In the Arctic Circle, these majestic creatures are revered for their ice-blue eyes and snow-white fur. But what many people don’t know is that polar bears have a brown coat underneath their surface layer of pure white hair. The color difference is due to something called “polar bear camouflage.”
As you might imagine, living in an environment with few sources of food means it’s important for these animals to be able to blend into the landscape so they can catch prey easily. Polar bears naturally have a very thick coat of fur to help them stay warm during their time on land. The natural color underneath the white hair is brown, so they can easily blend into their surroundings in regions where some trees and rocks match this coloring.
However, without vegetation or other camouflage for protection, these animals must rely on an even thicker layer of pure white fur when hunting seals at sea. No brush or moss is lining the icy tundra along the ocean’s edge here-only snow and ice! That means polar bears need all of those extra layers just as much as humans do to survive in such extreme temperatures.
Polar bears are descendants of the brown bear, but they evolved to be white because it helps them to blend in with their snowy environment. The natural color underneath the white hair is brown, so they can easily blend into their surroundings in regions where some trees and rocks match this coloring.
While many animals are brightly colored, the polar bear has evolved to be white to hide from its prey in freezing icy conditions. One of the startling traits these mammals have successfully adapted to is their white coloration, which helps them blend in with their surroundings. The bear’s color helps them blend in with their environment for hunting, training, and protecting their young.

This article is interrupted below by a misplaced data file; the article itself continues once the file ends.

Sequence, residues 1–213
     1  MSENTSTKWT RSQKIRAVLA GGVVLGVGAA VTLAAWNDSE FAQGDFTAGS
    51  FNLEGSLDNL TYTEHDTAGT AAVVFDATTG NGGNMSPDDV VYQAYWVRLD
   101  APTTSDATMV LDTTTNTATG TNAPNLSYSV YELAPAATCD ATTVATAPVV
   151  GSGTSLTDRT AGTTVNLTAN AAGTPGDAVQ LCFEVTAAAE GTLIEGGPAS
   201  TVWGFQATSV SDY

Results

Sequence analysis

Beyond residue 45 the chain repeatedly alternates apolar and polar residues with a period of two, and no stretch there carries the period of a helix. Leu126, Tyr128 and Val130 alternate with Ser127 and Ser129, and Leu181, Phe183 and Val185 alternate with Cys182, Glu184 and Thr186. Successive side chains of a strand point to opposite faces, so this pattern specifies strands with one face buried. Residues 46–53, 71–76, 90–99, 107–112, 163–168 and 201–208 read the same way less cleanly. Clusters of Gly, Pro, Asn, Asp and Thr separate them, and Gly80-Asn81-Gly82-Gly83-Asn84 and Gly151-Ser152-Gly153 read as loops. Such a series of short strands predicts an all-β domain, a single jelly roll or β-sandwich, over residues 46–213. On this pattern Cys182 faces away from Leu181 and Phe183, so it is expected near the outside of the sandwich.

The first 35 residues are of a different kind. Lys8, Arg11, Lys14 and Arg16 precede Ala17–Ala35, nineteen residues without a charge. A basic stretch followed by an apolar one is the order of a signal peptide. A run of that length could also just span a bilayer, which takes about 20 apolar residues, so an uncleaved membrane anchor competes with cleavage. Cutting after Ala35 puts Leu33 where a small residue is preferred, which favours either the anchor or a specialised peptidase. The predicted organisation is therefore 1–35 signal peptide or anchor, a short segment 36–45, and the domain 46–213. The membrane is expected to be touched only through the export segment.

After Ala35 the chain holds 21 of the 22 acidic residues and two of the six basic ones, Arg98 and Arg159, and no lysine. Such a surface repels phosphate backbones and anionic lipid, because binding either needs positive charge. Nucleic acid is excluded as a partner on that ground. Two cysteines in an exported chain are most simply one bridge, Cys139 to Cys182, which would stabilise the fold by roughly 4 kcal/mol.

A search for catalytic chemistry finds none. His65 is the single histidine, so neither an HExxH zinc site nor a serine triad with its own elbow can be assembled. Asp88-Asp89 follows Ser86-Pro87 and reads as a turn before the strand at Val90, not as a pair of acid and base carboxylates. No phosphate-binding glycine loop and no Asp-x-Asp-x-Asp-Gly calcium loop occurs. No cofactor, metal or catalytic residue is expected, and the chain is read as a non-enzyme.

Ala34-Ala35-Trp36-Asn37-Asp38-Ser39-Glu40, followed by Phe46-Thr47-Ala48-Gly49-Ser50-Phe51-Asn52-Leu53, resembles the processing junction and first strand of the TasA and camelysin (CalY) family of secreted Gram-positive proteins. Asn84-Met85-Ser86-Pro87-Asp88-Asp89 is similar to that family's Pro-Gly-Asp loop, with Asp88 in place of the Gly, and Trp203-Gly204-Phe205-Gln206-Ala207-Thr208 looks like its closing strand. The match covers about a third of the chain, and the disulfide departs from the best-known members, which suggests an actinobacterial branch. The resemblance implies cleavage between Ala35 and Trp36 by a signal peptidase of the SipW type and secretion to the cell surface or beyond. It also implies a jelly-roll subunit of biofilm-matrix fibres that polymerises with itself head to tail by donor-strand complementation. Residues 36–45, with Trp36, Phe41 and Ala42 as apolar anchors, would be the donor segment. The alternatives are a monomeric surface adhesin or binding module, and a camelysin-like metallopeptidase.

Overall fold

The image of a polar bear is well known to be white, but the truth remains that they’re only partly white and have a coat that ranges in color from cream to blonde. The polar bear is iconic thanks to its all-white fur, but another impression has led people to believe that they are purely white. This aspect, however, is false.
A polar bears’ coat goes from cream at birth through different shades of blonde as it grows older and becomes denser with fat, making them appear whiter before finally becoming blackish as time passes. The bears have black skin, and their fur is clear in color, but it gets its color due to its structure.
The pigment gives color to skin and hair, but polar bears have a pigment that makes the light reflect their surroundings, absorbing the white around them and making them come across as white when in reality, they aren’t.
We know that the main reason behind polar bears’ white fur is to help them blend in with their surroundings. It makes camouflage easier for predators and helps them hunt animals for food. It used to be believed that polar bears developed their white fur because it was an adaptation that aided survival. However, recent studies have debunked the theory, and the truth is yet unknown.
Sometimes, when a polar bear’s fur feels slightly green or yellow, it’s not because of an eerie radioactive effect. It sometimes happens due to algae that grow inside the hollow hairs in this white bear’s coat! Polar bears often turn white when the weather is sunny and warm.
Polar bears are white to us, but they have a coat of clear fur on top of their black. This creates the illusion that they’re white. All animals have pigment in their skin, hair, or feathers that help them blend into the environment. But polar bears evolved to live on an ice-covered land and never came across many predators. So they don’t need camouflage—they’re able to sport a glossy white coat so other prey can spot them from farther away!